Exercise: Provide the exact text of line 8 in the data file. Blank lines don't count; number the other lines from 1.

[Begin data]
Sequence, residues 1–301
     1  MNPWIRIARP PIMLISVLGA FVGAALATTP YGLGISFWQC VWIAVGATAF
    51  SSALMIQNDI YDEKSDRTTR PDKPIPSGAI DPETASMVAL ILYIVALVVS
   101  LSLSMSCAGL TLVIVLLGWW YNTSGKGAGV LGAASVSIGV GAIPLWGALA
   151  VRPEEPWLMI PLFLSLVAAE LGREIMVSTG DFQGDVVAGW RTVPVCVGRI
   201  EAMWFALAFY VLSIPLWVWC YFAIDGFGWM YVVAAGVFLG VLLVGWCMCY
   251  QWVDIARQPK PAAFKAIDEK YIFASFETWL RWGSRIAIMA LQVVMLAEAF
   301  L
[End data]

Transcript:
   301  L